Into the semi-final he went, with ease, but this provided the Canadian with a little tension. In semi-finals, as well as bronze medal contests, he has come unstuck many times. It is clear that he is among the best in the world in his category but with a 5th place at the Olympic Games, a 5th and a 7th place at world championships and no Masters medal, he is looking at a CV that requires a change or a push in order to be updated with a more colourful set of results. That is what we want to find out about, how that leap can be taken.
“I think it’s a mental block. I have been skinny at 94kg fighting -100kg and that has been on my mind, although that’s different now. I seem to find those matches a mental obstacle, the semis and bronze fights. With a perfect day I can be the best. I’ve won gold so far against those who may not be the best, except Zagreb 2019, which was a really great tournament for me."
"Those 5th places lit a fire under me. I want to be number one in the world and I need to keep working towards it. I’m top 5 now and I need to beat those above me, not just earn more points than them.”
In the Baku Grand Slam semi-final he brought an o-goshi to the mat after just a minute to earn a waza-ari and then kept the pressure on to throw again with a ko-soto-gari to make the final. He can now be more relaxed. He has 5 grand slam medals already and today a sixth but this is not the level he’s looking for, it absolutely has to be the next level up.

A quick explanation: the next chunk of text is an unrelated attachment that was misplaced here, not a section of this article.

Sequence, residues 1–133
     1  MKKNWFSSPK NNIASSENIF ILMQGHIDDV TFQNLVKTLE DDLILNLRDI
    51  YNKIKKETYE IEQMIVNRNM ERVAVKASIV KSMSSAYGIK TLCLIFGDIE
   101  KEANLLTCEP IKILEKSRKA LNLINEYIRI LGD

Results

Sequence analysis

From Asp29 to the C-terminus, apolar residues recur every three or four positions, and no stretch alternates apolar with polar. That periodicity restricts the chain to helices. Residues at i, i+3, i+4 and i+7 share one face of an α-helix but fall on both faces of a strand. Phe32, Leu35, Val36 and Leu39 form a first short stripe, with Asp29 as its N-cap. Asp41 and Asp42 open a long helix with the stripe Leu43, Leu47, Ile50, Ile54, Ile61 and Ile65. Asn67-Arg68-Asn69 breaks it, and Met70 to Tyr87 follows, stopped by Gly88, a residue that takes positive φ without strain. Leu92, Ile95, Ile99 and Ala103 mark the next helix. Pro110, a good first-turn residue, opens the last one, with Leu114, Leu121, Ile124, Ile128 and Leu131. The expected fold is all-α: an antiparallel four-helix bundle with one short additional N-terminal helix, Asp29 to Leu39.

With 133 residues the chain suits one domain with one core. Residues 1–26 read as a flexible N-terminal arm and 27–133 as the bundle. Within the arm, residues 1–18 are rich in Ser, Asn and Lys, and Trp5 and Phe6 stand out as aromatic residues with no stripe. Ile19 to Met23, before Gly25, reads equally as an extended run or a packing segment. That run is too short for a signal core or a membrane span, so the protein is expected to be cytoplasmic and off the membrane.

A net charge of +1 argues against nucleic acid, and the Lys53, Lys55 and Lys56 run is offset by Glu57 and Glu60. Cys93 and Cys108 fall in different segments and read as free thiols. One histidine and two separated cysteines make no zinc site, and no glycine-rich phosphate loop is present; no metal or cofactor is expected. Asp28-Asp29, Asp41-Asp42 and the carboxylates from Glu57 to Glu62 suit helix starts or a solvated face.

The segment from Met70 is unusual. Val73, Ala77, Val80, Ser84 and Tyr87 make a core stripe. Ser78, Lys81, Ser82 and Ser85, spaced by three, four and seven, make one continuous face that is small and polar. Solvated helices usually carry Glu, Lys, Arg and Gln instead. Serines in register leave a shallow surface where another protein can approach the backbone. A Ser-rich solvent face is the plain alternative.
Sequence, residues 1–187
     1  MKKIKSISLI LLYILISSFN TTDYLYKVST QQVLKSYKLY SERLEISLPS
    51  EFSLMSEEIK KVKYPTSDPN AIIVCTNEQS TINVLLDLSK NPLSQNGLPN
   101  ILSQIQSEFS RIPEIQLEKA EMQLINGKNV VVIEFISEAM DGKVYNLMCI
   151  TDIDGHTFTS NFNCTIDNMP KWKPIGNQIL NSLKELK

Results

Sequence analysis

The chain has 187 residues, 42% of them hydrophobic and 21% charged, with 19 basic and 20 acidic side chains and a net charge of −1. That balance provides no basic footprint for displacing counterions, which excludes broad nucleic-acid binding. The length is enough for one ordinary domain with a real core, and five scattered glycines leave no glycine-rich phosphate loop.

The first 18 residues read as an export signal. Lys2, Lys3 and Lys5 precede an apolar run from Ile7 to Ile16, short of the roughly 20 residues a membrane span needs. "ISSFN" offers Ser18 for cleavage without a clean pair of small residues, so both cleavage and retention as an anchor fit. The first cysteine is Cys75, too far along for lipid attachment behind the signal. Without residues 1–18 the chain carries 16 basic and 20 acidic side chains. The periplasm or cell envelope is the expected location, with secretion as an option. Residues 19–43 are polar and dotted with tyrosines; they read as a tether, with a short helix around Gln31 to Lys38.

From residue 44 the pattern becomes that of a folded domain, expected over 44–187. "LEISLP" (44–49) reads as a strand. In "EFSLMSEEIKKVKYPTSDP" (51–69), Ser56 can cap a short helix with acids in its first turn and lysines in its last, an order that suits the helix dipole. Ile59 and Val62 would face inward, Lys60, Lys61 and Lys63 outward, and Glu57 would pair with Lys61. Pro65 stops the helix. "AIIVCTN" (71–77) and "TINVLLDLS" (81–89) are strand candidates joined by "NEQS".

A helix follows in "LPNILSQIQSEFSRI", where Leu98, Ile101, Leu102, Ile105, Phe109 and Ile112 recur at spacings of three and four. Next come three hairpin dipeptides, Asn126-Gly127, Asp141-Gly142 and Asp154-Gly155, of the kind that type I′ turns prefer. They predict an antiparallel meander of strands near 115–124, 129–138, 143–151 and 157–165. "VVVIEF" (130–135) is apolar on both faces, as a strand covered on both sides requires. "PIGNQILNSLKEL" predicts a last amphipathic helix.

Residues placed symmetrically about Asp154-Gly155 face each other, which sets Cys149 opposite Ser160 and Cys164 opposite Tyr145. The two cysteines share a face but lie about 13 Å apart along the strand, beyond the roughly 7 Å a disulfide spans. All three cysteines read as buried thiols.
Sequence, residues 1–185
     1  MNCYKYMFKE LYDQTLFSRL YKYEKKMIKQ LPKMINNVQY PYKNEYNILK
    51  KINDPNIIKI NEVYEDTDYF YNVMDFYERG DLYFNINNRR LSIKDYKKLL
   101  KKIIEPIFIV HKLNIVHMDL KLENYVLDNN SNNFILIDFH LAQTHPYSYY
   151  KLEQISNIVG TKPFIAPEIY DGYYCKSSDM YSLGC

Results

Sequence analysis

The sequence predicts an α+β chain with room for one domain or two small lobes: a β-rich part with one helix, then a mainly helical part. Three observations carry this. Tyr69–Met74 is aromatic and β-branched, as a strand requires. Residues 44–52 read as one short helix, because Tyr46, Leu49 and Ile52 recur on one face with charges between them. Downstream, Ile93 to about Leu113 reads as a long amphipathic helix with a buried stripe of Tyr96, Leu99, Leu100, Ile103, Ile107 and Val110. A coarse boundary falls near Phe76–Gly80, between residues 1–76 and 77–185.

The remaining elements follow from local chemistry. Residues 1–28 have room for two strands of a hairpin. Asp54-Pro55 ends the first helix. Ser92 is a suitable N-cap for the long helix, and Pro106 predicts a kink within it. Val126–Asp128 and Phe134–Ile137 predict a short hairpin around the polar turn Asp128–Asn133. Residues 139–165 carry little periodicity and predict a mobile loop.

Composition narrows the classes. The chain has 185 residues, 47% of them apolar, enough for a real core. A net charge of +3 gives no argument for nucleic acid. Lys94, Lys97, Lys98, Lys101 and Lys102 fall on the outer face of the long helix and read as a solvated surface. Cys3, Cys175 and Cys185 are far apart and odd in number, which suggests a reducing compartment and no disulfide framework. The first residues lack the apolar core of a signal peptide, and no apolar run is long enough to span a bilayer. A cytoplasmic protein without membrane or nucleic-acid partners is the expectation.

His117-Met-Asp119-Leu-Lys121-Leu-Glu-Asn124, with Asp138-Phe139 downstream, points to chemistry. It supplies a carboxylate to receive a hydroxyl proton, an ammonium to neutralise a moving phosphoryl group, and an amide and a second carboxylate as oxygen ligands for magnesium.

“My brother Mohab is super methodical and with him and my national coach Sasha Mehmedovic I have two people I can trust, behind me all the way. I watch fights back and I know what I need; I need to showcase the best version of me. In training I can feel I’m strong enough. I get caught by silly waza-ari scores and I need to fix that. I need to not get caught while thinking about the medal fight or the podium.”
That’s quite a list of development points but he’s clear that none are insurmountable.
“I need to have a greater adherence to a routine, like my eating patterns aren’t always set. I need that set for competitions. In tournament week I need to have a solid routine. Coach helps me eat the right things and at the right times on tournament days. The physio is great too. So, it’s coming together.”
There are some practical steps to be taken but there is also some work to do on the psychological side.
“I watch the Canadian Olympic medallists, like Valois-Fortier, who have come before me and see what they do and I will keep following their lead. That change to a good routine will help me peak on the right days and at the right times.
I'm looking for revenge against Fonseca, Cho and Wolf. Since the 5th place at the Games I have thought about those fights a lot. It does stop me sleeping sometimes. I feel like if I fight them again I can beat them. Revenge is a big word and kind of sounds bad but I mean it in the best way. It’s about me settling some things in my own mind.”
At 23, Shady is a youngster on the -100kg category. It’s possible that plays a part in losses at the highest level, “I think I lost a lot of fights partly because of a lack of experience and it was a disadvantage but I’m Paris my age will be on my side and I will have the right experience. I want to be Olympic champion in 2024.”
There’s no stronger statement than that to close on. Shady Elnahas has thrown with some big judo in Baku and he’s talking in a big way about his future. Paris isn’t so far away so the results of Shady’s development tasks will be clear soon.